The defence counsel raised the accused’s difficult childhood with a father who was verbally and emotionally abusive, and addicted to alcohol as mitigating factors; he also spent time in foster care as a teenager, had a history of depression and suffered from epilepsy. However, the judge noted that the accused showed no remorse nor empathy for the dog dying, nor was any mention made in the presentence report of his current mental health status apart from that he had made arrangements to seek counselling. No alcohol or illegal drugs were involved in incident, leaving the accused’s violent conduct toward the dog without explanation. In paragraph 43 of the decision, the judge stated that the accused’s background calls for compassion and limited criminal justice system history calls for restraint, “however, his personal issues do not limit his personal responsibility for the violent crime he committed”.

The accused was only sentenced on the first count under s 445(1)(a). The Crown at the outset of the trial had asked the court to strike out the terms “kills, maims, wounds or poisons” and leave “injures”, and the judge found that defence counsel had successfully argued that the second count under s 445.1(1)(a) was not distinguishable given the wording on the first (para. 81).

After determining that restitution was not appropriate and that neither a conditional nor intermittent sentence were suitable under the circumstances, the accused was sentenced with 90 days incarceration followed by two years of probation which will include counselling as directed by probation officer, a five year animal prohibition order and a weapons prohibition.

YCJA – 2113, 2021 QCCQ 6023

On May 13 and 14, 2020, a wildlife protection officer reported that while investigating local wildlife regulations, he was assigned to supervise a cottage where the accused was located. He observed the accused shoving and kicking a small puppy that appeared to only be a few weeks old, and heard the puppy cry out on these occasions. He also saw the accused throw the puppy down the cottage porch stairs and then into a cold river of 5-12 degrees C from arm’s length while he and his friend laughed. The accused was charged with wilful injury and causing unnecessary pain and suffering of the puppy under the Criminal Code.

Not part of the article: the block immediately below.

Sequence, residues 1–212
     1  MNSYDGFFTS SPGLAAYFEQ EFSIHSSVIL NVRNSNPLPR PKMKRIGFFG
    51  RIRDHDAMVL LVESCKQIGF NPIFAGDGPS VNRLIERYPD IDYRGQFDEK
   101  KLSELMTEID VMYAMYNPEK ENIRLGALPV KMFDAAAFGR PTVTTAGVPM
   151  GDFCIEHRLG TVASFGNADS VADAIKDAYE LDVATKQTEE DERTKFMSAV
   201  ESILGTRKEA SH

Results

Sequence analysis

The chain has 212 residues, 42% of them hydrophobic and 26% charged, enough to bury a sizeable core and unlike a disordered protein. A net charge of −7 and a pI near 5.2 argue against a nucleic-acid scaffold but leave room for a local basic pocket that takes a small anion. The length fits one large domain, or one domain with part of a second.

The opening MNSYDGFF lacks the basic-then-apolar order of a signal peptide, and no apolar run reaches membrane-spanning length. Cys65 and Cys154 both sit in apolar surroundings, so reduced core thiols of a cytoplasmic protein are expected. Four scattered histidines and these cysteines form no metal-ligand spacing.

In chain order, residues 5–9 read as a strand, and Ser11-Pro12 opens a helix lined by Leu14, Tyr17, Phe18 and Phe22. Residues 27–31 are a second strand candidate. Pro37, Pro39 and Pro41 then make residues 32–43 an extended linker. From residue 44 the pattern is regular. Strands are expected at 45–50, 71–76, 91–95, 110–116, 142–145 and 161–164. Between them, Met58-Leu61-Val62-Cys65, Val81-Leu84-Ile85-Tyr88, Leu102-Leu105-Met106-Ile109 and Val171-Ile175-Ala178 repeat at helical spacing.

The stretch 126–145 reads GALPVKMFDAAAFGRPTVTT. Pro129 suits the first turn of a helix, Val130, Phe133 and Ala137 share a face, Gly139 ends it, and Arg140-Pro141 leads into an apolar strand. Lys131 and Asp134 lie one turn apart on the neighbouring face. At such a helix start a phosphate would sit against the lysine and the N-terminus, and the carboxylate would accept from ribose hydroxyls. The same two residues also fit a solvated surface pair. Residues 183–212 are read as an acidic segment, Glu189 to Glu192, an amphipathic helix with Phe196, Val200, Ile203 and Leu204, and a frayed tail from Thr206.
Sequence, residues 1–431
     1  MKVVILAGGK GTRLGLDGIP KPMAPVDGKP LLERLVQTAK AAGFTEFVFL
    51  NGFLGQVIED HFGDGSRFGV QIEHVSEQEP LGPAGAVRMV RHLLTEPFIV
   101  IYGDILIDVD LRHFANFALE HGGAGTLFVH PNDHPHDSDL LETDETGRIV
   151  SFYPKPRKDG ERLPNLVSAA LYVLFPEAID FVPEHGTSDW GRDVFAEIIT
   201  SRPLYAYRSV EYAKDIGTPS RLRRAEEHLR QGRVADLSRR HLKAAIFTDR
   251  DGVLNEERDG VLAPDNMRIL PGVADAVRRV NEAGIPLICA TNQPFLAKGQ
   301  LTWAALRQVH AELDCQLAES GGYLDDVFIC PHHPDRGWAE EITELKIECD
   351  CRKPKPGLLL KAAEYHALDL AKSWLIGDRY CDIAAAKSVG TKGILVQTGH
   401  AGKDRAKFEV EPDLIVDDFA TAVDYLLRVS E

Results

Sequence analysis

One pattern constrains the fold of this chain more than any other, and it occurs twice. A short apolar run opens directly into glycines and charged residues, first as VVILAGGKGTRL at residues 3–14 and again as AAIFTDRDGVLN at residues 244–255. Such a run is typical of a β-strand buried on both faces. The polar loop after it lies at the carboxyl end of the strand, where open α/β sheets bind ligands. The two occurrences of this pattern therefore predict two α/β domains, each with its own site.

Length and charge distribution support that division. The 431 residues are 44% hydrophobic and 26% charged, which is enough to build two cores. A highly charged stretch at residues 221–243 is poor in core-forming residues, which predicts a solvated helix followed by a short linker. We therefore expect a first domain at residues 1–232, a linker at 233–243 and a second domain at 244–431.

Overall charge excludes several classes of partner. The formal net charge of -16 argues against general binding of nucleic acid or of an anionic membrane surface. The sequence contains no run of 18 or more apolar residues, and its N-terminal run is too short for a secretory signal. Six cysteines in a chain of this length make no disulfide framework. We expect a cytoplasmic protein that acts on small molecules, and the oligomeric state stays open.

The accused denied this and claimed that he took good care of his dog, and that the puppy only cried when he was tied up at the side of the cottage for disobeying. His friend testified in the accused’s defence that he had not witnessed any mistreatment of the dog.

The tribunal was unconvinced by this testimony, referring to it as “vague and unconvincing” (para. 33), however were forced to acquit on the first charge after the prosecution failed to prove wilful injury of the puppy beyond a reasonable doubt. They did find the accused guilty of the second charge of causing unnecessary pain and suffering.

The PDF version of the judgment is in French; the CanLii link below is an English translation.

R v LaPlante, 2021 SKPC 52

On January 9, 2019, Animal Protection Officers seized 106 cats, two dogs and one turtle after executing a search warrant of a 400 square foot house. Approximately 20 additional cats could not be removed because they were unable to be caught.

The animals were found to be under the care of the accused, who was charged with causing or permitting an animal to be or continue to be in distress under s 4(2) of The Animal Protection Act, 2018, SS 2018, c A-21.2. The accused was originally charged with animal cruelty and neglect under the Criminal Code but those charges were stayed at trial.

The accused denied the Crown’s charge that the animals were caused distress due to their unsuitable living conditions by claiming although her house was dirty the animals were happy and with her, they had an opportunity to be adopted through her rescue organization, Alley Cats. She claimed the conditions in which they were kept after the seizure was what exposed them to disease and resulted in 105 cats having to be euthanized.

Based on the expert testimony of the veterinarian who attended at the search, along with other compelling evidence presented by the Crown, the trial judge found the accused guilty. The judge stated that although it was clear that she was passionate about animals, “having a big heart is not a defence under the Act” (para. 20).

Note: This is not the first time that the accused has been charged under the provincial Animal Protection Act. A history of similar behaviour dating back to 2011 can be found here.

R v Martel, [2021] OJ No 6017

In April 2020, witnesses observed the accused and the dog owner with dog on leash walking together on a public street. The accused first pushed the dog owner and as the dog owner began to walk away, the accused then punched the dog in the head. He began to then assault both the dog and its owner. Two witnesses heard the accused ask the dog owner where his $5 was.